Documenting the presence of cojumps and understanding their economic determinants and dynamics are crucial for a risk measurement and management perspective.
Bajgrowicz and Scaillet (2011) did not detect cojumps affecting all stocks simultaneously for the sample including highfrequency data for the 30 Dow Jones stocks over the 3year period between 2006 and 2008, which supports the assumption in Merton (1976) that jump risk is diversiflable and thus does not require a risk premium.
Other empirical studies of cojumps include Bollerslev et al. (2008) who examine the relationship between jumps in a sample of 40 largecap U. S. stocks and the corresponding aggregate market index. To more effectively detect cojumps authors developed a new cross product statistic, termed the cpstatistic, that directly uses the crosscovariation structure of the highfrequency returns and examines cross comovements among the individual stocks. Employing this statistic allows to detect many modestsized cojumps. Cross product statistic defined by the normalized sum of the individual highfrequency returns for each withinday period:
where j = 1, …, M, M—total number of observations in a day, n—number of stocks. The cpstatistic provides a direct measure of how closely the stocks move together.
Lahaye et al. (2009) investigated cojumps between stock index futures, bond futures, and exchange rates in the relation with news announcements, they found that exchange rates experience frequent but relatively small jumps because they are subject to news from two countries and because they probably experience more idiosyncratic liquidity shocks during slow trading in the 24h markets. Forex jumps tend to be smaller than bond or equity jumps because national macro shocks produce much smaller changes in expected relative fundamentals between currencies. Equity and bond market cojumps are much more strongly associated with news releases than foreign exchange cojumps. But also authors admit that most of news does not cause jumps. A generic announcement only produces an exchange rate jump about 12 % of the time and a bond or equity jump only about 34 % of the time.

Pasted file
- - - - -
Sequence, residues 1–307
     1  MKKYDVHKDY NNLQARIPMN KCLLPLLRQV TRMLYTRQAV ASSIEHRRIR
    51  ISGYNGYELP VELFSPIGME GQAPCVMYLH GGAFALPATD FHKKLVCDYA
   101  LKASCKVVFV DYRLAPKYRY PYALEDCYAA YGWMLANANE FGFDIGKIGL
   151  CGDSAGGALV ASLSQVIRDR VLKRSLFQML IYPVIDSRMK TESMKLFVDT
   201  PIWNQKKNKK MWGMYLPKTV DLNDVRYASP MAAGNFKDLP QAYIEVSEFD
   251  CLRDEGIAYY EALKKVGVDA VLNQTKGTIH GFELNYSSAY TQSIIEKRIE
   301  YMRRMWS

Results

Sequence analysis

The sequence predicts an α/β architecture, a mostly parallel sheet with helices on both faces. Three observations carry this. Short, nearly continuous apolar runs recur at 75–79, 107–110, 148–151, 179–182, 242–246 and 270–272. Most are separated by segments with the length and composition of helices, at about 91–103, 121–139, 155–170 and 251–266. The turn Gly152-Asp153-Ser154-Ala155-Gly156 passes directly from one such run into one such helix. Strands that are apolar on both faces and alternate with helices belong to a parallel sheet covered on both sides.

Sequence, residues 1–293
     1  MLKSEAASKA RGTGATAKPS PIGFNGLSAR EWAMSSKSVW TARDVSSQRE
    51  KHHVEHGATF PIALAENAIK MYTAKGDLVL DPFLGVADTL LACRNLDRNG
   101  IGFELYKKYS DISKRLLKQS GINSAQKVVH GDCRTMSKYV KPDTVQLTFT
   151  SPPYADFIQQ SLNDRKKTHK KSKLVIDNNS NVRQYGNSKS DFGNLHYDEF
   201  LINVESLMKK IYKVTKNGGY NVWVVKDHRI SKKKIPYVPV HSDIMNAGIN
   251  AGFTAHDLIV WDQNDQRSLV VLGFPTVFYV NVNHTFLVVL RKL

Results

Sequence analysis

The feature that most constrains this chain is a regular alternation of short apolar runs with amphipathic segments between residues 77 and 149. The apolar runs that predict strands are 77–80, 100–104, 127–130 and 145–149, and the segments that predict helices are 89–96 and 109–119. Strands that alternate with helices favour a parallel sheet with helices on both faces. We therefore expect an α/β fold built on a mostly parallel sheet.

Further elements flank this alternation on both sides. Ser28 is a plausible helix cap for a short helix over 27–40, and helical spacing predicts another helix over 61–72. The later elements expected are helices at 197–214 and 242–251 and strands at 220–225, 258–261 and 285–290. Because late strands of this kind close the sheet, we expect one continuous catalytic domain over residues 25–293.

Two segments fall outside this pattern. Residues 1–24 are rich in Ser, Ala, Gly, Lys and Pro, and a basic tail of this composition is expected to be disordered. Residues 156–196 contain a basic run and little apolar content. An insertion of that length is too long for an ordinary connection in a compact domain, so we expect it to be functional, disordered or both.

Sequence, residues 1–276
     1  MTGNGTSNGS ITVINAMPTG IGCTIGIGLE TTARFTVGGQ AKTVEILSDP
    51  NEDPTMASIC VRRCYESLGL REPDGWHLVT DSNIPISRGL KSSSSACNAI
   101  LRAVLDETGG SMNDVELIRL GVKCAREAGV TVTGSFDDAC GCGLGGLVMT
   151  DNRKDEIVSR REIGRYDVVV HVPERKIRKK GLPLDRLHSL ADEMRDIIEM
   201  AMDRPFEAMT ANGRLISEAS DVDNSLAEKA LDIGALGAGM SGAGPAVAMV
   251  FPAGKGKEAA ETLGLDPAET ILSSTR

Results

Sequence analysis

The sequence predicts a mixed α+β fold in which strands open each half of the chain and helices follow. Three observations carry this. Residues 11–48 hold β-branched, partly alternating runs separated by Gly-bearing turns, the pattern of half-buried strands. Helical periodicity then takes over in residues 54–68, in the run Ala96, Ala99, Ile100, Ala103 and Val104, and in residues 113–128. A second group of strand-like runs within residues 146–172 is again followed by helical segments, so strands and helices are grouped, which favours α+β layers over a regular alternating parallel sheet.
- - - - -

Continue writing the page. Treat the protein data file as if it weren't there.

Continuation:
By investigating a set of 20 high cap stocks traded at the Italian Stock Exchange, Bormetti et al. (2013) found that there is a large number of multiple cojumps, i. e. minutes in which a sizable number of stocks displays a discontinuity of the price process. As mentioned above, they show that the dynamics of these jumps is not described neither by a multivariate Poisson nor by a multivariate Hawkes model, which are unable to capture simultaneously the time clustering of jumps and the high synchronization of jumps across assets. Authors introduce a one factor model approach where both the factor and the idiosyncratic jump components are described by a Hawkes process. They develop a robust calibration scheme which is able to distinguish systemic and idiosyncratic jumps and show that the model reproduces very well the empirical behaviour of the jumps of the Italian stocks.